The small island nation of Barbados is leading the call for international finance reform needed to fight the impacts of global warming. The world is listening.

Seated around a table are Prime Minister of Barbados Mia Mottley, Netherlands' Minister of Finance Sigrid Kaag, US Treasury Secretary Janet Yellen and Indonesias Finance Minister Sri Mulyani meet at the U.S embassy, during the New Global Financial Pact Summit.

From the left, Prime Minister of Barbados Mia Mottley, Netherlands’ Minister of Finance Sigrid Kaag, U.S. Treasury Secretary Janet Yellen and Indonesia’s Finance Minister Sri Mulyani meet at the U.S Embassy France during the New Global Financial Pact Summit in Paris, 23 June 2023. (Ludovic Marin, Pool via AP)

 This article was produced exclusively for News Decoder’s global news service. It is through articles like this that News Decoder strives to provide context to complex global events and issues and teach global awareness through the lens of journalism. Learn how you can incorporate our resources and services into your classroom or educational program. 

Climate change is affecting the world in all kinds of ways. But while wealthy countries can afford the necessary investments to address and mitigate the effects of climate-related events and adapt their economies, low and middle-income nations don’t have those resources.

For many developing nations, much-needed investments are financially impossible when they already have too much debt to pay and the interest rates they pay on that debt are higher than those wealthy countries would pay.

That’s where the Bridgetown Initiative comes in.

It was proposed at the 2022 session of the United Nations General Assembly by Barbados Prime Minister Mia Mottley. Her plan, the most comprehensive restructuring of the system for global finance since 1944 and updated this spring, proposes a set of reforms and calls for a tripling of low-interest loans and grants to the world’s poorest countries and the setting up of a fund to mitigate and rebuild after natural disasters.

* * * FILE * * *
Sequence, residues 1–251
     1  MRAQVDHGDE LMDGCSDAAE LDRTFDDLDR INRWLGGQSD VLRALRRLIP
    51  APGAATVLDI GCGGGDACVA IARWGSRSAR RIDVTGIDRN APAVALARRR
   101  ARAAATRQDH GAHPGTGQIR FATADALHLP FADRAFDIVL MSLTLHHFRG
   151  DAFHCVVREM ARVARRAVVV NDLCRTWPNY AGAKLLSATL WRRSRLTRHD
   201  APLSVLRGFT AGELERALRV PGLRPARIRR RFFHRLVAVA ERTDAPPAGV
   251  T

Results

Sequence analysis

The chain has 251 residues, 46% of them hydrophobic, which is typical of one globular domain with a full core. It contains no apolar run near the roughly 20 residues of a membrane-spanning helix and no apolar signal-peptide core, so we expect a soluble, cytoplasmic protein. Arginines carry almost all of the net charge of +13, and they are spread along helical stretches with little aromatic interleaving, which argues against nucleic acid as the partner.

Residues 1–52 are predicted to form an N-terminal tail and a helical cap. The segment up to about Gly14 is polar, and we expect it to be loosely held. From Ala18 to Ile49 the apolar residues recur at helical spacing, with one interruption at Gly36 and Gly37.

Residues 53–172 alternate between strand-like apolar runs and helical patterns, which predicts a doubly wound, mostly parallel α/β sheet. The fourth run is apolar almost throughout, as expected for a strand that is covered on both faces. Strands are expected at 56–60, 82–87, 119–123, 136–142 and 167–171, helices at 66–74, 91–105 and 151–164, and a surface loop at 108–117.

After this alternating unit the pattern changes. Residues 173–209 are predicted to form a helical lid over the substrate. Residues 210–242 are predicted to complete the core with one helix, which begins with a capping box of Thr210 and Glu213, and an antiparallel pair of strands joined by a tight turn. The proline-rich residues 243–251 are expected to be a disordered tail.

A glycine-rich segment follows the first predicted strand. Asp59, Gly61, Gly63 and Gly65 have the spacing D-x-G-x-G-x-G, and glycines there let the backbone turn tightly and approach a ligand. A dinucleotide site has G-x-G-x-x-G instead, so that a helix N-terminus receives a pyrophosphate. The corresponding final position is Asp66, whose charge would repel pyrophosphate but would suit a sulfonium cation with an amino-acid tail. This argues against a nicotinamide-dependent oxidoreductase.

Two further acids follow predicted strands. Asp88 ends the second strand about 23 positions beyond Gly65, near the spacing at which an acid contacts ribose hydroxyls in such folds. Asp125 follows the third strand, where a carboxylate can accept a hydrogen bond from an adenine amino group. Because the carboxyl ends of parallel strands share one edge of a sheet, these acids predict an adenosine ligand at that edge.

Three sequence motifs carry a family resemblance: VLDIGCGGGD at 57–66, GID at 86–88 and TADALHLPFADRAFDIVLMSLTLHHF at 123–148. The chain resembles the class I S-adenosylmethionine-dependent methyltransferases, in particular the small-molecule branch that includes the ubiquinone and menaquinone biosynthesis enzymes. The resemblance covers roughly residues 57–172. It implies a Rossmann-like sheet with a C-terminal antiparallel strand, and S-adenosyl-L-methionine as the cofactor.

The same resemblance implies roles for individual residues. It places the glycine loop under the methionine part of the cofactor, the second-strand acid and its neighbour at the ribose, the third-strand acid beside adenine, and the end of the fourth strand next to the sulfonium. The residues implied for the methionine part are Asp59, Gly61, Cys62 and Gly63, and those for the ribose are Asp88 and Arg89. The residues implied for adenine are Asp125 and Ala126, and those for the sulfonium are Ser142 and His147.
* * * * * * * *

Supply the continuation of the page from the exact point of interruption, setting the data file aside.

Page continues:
Mottley became the voice for developing nations and, particularly, island states such as Barbados who face the immediate perils of climate change but contribute little to global warming.

Moving a slow world to take fast action on climate change

Before that, there was little political will to move on finance reforms, said Bianca Getzel, Research Officer at the London-based think tank ODI. “[Bridgetown] gave political leaders the will to move ahead with bigger discussions. [It] gave us the impetus to think outside of the box … The timing was right.”

Avinash Persaud, Mottley’s climate finance envoy and the economist and architect of the Bridgetown Initiative, has said that reform plans are gaining support because they fill a policy vacuum over how to fund climate change actions around the world.

Getzel said that with Bridgetown, smart people with new ideas are taking part in the discussions. “Avinash Persaud and the rest of the staff are penetrating policy spaces in less flashy ways, Getzel said. “The ideas don’t always resonate but do force [governments and banks] to consider and propose better ideas.”

The fight to restructure the financial architecture of multilateral development banks (MDBs) — the banking institutions that lend to national governments — is a battle to unlock billions and even trillions of dollars in climate change and sustainable development funding on terms that do not hold developing countries hostage to debt repayments.